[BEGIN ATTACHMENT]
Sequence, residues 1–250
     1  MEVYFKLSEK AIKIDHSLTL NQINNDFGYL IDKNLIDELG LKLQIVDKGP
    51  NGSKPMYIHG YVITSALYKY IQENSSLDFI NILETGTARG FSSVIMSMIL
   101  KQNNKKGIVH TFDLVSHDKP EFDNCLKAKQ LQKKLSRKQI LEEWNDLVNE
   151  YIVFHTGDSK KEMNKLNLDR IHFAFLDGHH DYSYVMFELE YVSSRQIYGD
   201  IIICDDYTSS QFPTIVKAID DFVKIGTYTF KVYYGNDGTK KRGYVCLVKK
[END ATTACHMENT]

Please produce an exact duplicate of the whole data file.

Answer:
Sequence, residues 1–250
     1  MEVYFKLSEK AIKIDHSLTL NQINNDFGYL IDKNLIDELG LKLQIVDKGP
    51  NGSKPMYIHG YVITSALYKY IQENSSLDFI NILETGTARG FSSVIMSMIL
   101  KQNNKKGIVH TFDLVSHDKP EFDNCLKAKQ LQKKLSRKQI LEEWNDLVNE
   151  YIVFHTGDSK KEMNKLNLDR IHFAFLDGHH DYSYVMFELE YVSSRQIYGD
   201  IIICDDYTSS QFPTIVKAID DFVKIGTYTF KVYYGNDGTK KRGYVCLVKK